The survivors of someone who dies are not personally responsible for the decedent’s debts. Yet debt collectors seem to be swarming the survivors to collect on bills the decedent owed, or didn’t owe.
The New York Times reported on debt collectors who focus on collecting debts of the recently departed, by fair means or foul. Collectors never mention that the survivors are not personally obligated to pay the debt. Instead, they catch people at a vulnerable moment and suggest that it would be the “right thing” to settle the debt.
Worse, fraudsters are apparently attempting to collect debts that the decedent didn’t owe, according to an article in the AARP Bulletin.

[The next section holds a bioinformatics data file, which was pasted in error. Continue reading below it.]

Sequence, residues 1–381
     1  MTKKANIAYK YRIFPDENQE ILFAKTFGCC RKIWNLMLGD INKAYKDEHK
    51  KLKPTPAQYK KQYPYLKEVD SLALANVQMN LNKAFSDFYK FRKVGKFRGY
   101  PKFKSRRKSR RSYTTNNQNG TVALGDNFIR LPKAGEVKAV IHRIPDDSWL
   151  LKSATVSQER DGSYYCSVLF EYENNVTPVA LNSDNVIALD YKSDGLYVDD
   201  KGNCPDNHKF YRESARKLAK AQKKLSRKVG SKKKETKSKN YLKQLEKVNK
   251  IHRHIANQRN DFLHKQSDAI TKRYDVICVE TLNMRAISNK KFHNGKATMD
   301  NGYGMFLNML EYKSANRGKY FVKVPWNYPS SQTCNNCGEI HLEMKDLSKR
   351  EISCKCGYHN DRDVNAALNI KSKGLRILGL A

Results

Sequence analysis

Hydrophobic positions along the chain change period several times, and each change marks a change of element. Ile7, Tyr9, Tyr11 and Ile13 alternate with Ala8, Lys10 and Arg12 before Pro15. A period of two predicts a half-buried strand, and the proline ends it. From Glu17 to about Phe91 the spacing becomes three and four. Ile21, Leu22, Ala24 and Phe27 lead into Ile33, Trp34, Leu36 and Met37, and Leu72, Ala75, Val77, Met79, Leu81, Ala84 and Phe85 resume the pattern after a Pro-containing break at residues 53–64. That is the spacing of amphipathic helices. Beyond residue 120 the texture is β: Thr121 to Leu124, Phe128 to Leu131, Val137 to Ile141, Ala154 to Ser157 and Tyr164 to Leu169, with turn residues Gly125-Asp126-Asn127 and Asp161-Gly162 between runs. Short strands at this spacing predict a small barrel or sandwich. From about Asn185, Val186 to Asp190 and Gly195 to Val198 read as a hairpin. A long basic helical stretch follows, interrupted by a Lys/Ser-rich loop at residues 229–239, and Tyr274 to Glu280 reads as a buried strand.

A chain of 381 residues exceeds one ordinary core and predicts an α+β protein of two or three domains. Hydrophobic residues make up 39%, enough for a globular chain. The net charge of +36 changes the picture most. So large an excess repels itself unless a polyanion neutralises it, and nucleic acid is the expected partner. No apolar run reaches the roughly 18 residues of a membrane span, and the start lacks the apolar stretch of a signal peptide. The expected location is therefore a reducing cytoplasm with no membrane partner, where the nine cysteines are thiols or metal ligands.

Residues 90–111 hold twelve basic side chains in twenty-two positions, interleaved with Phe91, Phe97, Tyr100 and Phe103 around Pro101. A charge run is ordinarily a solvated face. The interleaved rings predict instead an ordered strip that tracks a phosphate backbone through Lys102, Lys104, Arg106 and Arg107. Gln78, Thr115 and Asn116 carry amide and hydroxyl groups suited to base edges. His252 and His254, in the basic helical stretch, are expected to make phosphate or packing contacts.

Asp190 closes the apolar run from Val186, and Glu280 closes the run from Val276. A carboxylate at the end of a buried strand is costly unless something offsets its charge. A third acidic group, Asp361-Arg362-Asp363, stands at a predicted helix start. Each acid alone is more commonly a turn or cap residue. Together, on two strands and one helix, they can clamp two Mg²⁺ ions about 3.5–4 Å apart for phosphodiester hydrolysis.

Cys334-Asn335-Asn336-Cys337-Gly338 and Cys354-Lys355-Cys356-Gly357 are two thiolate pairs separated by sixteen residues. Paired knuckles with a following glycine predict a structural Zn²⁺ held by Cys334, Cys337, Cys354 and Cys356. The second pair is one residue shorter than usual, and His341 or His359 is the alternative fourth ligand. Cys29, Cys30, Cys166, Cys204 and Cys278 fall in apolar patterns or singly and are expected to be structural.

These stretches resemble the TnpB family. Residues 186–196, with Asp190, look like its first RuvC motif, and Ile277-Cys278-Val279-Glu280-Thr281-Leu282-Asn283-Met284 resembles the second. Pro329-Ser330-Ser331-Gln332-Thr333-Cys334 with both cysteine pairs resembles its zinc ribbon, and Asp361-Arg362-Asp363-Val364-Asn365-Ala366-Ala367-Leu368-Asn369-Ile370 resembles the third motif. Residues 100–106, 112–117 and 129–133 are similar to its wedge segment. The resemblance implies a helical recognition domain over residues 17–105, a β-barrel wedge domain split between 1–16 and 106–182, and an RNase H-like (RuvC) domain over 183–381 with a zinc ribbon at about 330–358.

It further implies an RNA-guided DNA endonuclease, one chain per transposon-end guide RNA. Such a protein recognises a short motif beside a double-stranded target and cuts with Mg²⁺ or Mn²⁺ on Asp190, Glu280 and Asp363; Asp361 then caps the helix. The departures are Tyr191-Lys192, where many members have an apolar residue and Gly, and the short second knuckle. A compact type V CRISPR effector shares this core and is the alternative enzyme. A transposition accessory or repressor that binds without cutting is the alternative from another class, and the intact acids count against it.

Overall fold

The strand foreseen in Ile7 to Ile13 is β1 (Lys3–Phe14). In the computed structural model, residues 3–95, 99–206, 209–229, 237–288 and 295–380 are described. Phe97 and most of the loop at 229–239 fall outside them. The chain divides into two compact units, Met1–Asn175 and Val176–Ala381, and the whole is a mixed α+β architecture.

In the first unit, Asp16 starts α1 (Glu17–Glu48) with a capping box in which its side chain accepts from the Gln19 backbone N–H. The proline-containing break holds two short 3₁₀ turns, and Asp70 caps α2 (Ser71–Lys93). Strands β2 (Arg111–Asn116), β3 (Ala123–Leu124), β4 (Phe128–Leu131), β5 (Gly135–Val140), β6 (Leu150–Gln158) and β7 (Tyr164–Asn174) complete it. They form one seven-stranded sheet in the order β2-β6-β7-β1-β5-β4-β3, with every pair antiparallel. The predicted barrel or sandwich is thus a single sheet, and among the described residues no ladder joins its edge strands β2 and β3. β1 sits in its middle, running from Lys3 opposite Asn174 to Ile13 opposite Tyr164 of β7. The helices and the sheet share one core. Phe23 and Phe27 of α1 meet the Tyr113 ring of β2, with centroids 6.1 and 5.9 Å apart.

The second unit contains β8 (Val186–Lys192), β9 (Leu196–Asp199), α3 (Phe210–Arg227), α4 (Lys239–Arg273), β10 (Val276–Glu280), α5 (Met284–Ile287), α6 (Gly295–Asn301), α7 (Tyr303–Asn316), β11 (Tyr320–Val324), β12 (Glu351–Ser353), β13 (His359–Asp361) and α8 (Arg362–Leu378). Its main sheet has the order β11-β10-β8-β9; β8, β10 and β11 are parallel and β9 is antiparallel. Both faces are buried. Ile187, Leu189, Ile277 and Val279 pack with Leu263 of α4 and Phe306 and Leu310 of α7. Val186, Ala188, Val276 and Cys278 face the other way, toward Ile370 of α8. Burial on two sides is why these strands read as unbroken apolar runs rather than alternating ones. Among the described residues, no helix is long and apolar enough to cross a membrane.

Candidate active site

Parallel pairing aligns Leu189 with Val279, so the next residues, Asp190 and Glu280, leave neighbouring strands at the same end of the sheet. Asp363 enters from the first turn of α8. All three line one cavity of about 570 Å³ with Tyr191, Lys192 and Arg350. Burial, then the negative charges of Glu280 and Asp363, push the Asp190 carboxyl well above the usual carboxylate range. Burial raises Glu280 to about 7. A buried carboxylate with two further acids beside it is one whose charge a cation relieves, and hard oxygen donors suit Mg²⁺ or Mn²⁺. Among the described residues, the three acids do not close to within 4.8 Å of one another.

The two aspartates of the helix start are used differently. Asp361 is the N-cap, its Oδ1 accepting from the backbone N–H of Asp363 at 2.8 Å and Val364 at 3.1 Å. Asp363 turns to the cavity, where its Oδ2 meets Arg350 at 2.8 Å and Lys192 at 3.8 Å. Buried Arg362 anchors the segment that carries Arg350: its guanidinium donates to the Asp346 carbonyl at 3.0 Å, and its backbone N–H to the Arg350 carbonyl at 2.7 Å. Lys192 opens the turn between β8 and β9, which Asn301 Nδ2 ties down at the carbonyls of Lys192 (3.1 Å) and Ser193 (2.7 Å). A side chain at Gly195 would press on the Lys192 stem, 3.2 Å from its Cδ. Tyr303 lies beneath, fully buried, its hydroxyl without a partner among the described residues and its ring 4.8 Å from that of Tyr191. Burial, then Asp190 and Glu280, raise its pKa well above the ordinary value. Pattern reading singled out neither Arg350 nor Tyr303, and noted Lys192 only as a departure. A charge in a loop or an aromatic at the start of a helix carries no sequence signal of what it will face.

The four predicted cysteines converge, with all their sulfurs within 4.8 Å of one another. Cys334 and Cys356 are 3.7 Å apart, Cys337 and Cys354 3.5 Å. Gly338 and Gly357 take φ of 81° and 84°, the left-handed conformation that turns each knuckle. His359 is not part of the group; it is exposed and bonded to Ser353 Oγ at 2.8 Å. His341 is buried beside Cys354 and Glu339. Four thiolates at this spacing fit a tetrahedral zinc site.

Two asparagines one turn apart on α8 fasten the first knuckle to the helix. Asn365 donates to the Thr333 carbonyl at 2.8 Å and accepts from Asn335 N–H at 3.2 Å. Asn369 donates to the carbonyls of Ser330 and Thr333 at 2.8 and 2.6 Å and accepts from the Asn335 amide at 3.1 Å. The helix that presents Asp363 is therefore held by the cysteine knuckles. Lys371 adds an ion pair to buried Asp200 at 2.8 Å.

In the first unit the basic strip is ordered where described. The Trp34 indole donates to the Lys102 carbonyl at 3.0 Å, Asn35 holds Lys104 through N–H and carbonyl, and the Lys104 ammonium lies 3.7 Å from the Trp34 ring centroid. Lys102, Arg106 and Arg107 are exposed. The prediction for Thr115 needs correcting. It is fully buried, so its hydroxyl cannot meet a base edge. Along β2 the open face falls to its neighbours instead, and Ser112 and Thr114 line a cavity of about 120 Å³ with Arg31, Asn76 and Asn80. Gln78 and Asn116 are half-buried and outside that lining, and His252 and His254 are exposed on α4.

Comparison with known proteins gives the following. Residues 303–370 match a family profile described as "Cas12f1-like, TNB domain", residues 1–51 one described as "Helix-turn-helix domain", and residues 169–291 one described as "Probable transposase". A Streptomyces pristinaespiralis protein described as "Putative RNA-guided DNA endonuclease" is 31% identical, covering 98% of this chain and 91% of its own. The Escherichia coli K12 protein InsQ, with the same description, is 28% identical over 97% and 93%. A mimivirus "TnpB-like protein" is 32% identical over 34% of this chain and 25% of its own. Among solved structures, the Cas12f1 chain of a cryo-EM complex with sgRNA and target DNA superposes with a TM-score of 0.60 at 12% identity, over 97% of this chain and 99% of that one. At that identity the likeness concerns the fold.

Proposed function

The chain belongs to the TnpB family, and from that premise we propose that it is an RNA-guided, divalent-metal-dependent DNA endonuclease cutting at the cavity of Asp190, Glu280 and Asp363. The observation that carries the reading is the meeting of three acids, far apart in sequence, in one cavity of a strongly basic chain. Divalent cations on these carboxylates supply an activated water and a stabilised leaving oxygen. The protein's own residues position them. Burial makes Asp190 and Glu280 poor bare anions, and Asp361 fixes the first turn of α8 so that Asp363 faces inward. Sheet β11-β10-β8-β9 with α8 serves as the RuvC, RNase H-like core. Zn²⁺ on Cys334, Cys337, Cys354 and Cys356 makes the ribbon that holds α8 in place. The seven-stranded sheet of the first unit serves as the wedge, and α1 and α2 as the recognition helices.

If faced with debts left behind by someone who has died, understand the applicable state law. The general principle is that the property of the decedent is responsible for the decedent’s debts. But if the estate is not sufficient to pay the debts, the heirs do not inherit the obligation.
My Bankruptcy Law Network colleague Jonathan Ginsberg points out that Georgia law provides for the exemption of a year’s support from the estate, before funds are available for payment of debt. Exercise a healthy skepticism when dealing with debt collectors in such situations.